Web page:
Last week, Bluefly, the leading online retailer of designer brands, released a risqué new advertising campaign. The first of the ads, which appeared in the March 2007 issue of Lucky magazine and other top media markets throughout the country, depicts a girl nonchalantly waiting for her morning subway while completely nude.
The image, shot by photographer Leif Schiller, is tastefully done with limbs and accessories covering any R-rated regions. The picture does not evoke the shock value one may associate with a naked girl on a subway platform, but that is exactly the point.
Are we to assume her by-standers are simply too jaded or robotic to notice an attractive girl in her birthday suit on the morning commute? Or rather, is the nudity not a literal nudity but simply that sense of feeling naked?
I tend to lean toward the latter. At the end of the day, Bluefly wants to sell us clothes. And while their decision to use nudity to do so is an interesting one, I happen to like it.
They are tapping into that sense of feeling unclothed with our clothes. It’s like when you’re running to a dinner and you don’t have time to stop home so you borrow a top from your friend. The top fits, and its look good, and you choose one from their closet that happens to suit your style. But it’s just not yours, and in turn, it’s just not right.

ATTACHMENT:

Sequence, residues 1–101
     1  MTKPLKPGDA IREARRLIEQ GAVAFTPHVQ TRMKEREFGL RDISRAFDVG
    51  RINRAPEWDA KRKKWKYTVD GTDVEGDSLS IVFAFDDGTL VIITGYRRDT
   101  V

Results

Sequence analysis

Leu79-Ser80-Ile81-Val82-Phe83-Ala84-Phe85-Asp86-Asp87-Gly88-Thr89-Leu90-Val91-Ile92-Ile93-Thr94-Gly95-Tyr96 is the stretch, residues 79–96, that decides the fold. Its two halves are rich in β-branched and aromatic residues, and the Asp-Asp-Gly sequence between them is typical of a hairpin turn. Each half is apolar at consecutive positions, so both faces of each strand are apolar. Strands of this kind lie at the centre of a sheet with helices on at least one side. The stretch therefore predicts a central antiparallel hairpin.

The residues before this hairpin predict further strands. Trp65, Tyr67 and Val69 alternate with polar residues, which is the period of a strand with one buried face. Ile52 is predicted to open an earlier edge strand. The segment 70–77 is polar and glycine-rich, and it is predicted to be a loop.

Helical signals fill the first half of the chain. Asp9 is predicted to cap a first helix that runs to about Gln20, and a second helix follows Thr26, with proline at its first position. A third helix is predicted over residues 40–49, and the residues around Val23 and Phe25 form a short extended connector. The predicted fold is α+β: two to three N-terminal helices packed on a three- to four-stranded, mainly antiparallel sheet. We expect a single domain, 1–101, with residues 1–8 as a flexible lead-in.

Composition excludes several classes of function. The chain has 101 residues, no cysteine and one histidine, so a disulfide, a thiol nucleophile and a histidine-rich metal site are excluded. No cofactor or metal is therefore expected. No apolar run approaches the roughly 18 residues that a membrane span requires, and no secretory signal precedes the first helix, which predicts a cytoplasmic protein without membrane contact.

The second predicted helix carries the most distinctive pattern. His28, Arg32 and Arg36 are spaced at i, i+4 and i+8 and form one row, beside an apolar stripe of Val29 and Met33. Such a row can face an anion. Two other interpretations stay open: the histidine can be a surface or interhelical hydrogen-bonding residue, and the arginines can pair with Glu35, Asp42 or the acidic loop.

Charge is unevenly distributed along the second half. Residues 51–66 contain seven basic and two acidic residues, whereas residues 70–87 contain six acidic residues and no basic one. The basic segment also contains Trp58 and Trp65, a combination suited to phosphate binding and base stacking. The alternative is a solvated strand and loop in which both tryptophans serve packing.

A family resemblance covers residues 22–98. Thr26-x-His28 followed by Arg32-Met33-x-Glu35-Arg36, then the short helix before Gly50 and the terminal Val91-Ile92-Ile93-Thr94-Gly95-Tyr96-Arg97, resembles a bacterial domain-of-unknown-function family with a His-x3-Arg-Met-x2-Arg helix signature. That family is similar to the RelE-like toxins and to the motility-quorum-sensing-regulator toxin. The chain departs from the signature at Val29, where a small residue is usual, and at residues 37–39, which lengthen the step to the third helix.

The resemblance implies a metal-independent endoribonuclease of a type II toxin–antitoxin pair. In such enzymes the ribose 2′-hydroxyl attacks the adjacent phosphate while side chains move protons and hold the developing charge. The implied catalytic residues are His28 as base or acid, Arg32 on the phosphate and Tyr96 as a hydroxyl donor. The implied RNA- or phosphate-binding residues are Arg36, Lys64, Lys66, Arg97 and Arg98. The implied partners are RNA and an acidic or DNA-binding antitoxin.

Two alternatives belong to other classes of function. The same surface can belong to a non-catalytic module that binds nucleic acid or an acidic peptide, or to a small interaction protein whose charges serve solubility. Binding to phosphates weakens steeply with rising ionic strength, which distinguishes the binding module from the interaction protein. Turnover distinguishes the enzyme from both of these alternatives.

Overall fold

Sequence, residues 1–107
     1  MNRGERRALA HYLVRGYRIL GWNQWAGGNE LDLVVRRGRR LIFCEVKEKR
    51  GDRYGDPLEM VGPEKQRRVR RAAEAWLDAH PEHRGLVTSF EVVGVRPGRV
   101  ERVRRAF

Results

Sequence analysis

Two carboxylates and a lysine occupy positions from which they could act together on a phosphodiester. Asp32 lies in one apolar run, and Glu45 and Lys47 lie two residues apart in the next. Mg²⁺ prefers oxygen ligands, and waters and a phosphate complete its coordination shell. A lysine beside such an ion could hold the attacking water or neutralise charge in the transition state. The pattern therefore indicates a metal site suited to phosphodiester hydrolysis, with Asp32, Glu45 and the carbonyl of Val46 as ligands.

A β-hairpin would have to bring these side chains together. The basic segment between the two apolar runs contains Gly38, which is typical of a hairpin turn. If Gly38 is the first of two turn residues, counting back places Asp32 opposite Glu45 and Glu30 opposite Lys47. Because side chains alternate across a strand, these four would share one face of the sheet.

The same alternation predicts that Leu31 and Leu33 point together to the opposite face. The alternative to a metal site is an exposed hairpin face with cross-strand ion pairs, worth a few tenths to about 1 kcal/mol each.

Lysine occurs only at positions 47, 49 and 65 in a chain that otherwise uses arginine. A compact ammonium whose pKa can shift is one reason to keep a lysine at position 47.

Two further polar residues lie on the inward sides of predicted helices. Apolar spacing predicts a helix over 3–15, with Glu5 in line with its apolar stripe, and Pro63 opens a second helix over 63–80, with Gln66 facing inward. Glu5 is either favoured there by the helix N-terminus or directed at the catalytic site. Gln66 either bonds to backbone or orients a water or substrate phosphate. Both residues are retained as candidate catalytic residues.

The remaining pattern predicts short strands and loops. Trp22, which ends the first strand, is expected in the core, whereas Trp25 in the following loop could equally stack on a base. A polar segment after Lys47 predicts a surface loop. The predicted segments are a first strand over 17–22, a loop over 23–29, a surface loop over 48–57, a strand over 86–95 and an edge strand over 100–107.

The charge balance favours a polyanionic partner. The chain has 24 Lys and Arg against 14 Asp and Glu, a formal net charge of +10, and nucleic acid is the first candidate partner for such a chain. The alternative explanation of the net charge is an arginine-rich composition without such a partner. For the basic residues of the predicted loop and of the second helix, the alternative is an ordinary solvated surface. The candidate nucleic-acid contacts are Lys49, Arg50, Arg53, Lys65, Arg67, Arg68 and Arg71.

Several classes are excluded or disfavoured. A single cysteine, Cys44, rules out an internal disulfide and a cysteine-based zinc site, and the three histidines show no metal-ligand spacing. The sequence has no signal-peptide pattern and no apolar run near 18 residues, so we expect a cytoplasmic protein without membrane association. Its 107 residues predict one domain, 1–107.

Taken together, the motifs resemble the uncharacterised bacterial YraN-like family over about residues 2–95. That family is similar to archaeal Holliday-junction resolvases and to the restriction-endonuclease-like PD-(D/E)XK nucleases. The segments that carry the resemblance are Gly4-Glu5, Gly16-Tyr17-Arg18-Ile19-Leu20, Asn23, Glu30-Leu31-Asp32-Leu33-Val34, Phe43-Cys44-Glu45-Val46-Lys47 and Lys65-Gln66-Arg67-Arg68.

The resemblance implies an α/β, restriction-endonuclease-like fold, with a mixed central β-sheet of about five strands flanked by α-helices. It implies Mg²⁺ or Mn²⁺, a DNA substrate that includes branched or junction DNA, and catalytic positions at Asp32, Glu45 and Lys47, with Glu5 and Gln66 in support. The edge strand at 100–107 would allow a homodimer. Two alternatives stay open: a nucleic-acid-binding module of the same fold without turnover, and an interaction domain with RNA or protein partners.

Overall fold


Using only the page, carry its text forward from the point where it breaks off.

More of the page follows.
Getting dressed is such a personal form of self-expression, and that’s exactly what Bluefly is tapping into here. The girl in the ad is taking a stand against settling for a mediocre wardrobe. If she had it her way, she would go undressed rather than poorly dressed, and who can disagree with that?
Final Word: If you have continuous re-occurring naked-in-a-crowd dreams, you may want to consult your therapist. But if you’re looking to pick up some discounted designer duds from your desk, Bluefly has got you covered. Literally.